The Interweb loves nothing so much as posing provocative questions, so it doesn’t come as a surprise to hear that a new study asking the question “What type of drunk are you?” has gone viral.
When I first heard about it I assumed it was some mindless Facebook quiz. After taking a closer look, though, I realized two things: 1) the study had some hard science behind it; and 2) one of the authors of the study, Rachel Winograd, is a childhood friend of mine. So I called up Rachel, who’s now a PhD student in clinical psychology at the University of Missouri-Columbia, to find out more about these four classifications of “drunks” and what they might tell us about alcohol use disorders and recovery.
How the Study Went Down
Rachel and her fellow researchers studied 187 pairs (374 people) of predominately white college “drinking buddies” (both men and women). The researchers asked the pairs to rate their own and their buddy’s behavior when sober and also when intoxicated using five well-studied personality characteristics: openness (sometimes referred to as “intellect/imagination”), conscientiousness, extroversion, agreeableness and neuroticism. The researchers discovered it was possible to classify each of the participants in one of the four poetically named groups: the Hemingway, the Mary Poppins, the Nutty Professor and the Mr. Hyde.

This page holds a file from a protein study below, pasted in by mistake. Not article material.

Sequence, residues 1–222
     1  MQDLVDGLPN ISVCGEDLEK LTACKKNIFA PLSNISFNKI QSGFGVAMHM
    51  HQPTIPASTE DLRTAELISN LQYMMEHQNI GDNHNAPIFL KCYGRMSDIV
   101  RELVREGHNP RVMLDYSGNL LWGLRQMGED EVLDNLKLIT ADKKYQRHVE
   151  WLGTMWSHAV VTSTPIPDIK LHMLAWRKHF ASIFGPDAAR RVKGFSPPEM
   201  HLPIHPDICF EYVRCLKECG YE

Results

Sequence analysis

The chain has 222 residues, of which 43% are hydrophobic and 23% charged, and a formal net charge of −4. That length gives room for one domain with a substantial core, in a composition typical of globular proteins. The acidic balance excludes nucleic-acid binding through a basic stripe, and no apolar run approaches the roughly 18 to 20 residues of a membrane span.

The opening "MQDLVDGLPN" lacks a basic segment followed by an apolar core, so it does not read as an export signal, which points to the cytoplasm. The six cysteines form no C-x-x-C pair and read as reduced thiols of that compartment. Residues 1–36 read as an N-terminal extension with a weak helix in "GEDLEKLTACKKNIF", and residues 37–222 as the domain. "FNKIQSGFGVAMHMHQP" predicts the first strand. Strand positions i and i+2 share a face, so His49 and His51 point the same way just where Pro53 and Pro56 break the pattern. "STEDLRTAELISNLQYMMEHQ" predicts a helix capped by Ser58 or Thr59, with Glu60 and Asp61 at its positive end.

So how did each person get slotted into a particular drunk-personality type? In the study personality changes in each participant were analyzed when the person was intoxicated as compared to when they were sober. It’s the change in personality traits, not the personality traits themselves, that was significant. For example, hypothetically speaking, Donald Trump might have minimal conscientiousness and tons of extroversion when he’s drunk, but if he behaves the same when he’s sober, he wouldn’t be in the Nutty Professor group; he would just be, well, nutty.
I asked Rachel to walk me through the four types of drunks in her research. Here’s what I learned: